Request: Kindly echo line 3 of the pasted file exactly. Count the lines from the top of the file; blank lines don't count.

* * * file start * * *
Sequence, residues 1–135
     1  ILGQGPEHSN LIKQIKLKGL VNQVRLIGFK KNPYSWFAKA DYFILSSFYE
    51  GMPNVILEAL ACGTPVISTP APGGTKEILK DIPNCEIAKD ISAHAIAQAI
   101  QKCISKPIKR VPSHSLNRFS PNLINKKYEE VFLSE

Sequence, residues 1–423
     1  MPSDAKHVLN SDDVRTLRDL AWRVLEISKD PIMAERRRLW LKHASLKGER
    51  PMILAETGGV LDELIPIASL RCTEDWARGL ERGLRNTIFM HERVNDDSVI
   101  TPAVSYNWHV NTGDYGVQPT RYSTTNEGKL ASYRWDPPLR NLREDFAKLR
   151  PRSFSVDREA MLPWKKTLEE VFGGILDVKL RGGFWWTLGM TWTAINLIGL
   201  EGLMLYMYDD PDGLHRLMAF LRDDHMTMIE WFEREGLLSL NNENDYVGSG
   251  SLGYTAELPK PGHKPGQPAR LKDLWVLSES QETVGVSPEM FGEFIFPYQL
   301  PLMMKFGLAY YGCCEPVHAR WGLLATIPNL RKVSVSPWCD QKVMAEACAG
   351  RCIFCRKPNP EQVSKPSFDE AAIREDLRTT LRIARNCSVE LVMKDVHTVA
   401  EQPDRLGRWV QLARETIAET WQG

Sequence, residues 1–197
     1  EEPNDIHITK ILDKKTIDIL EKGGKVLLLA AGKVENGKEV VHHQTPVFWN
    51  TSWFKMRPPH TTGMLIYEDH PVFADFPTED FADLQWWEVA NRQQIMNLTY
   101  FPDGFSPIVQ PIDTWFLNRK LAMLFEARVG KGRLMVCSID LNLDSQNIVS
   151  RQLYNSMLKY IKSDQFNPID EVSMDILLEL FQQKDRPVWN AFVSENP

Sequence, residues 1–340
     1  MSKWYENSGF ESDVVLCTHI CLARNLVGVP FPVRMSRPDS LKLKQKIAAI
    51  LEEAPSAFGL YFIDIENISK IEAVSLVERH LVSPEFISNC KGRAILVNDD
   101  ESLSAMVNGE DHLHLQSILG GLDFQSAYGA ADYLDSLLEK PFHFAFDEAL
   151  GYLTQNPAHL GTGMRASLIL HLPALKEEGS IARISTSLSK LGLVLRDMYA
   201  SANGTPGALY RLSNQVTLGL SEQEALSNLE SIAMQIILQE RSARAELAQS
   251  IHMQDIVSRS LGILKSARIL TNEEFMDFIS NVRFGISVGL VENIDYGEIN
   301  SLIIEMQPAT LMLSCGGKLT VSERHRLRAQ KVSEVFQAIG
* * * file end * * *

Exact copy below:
    51  GMPNVILEAL ACGTPVISTP APGGTKEILK DIPNCEIAKD ISAHAIAQAI